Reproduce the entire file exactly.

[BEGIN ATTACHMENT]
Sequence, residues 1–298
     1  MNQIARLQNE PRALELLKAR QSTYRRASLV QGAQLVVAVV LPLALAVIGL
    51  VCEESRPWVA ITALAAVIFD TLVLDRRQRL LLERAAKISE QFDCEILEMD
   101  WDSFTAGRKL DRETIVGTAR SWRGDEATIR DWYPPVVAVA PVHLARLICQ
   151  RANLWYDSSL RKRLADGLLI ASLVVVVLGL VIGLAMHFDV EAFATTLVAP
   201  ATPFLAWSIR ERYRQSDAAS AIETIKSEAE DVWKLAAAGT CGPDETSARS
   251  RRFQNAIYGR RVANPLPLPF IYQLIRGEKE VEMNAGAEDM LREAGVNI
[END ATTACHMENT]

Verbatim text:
Sequence, residues 1–298
     1  MNQIARLQNE PRALELLKAR QSTYRRASLV QGAQLVVAVV LPLALAVIGL
    51  VCEESRPWVA ITALAAVIFD TLVLDRRQRL LLERAAKISE QFDCEILEMD
   101  WDSFTAGRKL DRETIVGTAR SWRGDEATIR DWYPPVVAVA PVHLARLICQ
   151  RANLWYDSSL RKRLADGLLI ASLVVVVLGL VIGLAMHFDV EAFATTLVAP
   201  ATPFLAWSIR ERYRQSDAAS AIETIKSEAE DVWKLAAAGT CGPDETSARS
   251  RRFQNAIYGR RVANPLPLPF IYQLIRGEKE VEMNAGAEDM LREAGVNI